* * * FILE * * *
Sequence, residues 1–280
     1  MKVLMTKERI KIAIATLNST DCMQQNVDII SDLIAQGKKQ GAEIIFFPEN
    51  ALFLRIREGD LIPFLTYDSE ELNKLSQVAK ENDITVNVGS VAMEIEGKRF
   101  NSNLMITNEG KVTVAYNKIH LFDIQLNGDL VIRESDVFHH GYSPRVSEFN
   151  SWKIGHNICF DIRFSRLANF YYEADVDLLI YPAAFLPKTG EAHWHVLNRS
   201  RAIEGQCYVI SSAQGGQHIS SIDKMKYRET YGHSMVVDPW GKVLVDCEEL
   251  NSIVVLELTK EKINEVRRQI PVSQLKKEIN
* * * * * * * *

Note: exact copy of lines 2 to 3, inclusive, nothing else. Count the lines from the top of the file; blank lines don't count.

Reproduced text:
     1  MKVLMTKERI KIAIATLNST DCMQQNVDII SDLIAQGKKQ GAEIIFFPEN
    51  ALFLRIREGD LIPFLTYDSE ELNKLSQVAK ENDITVNVGS VAMEIEGKRF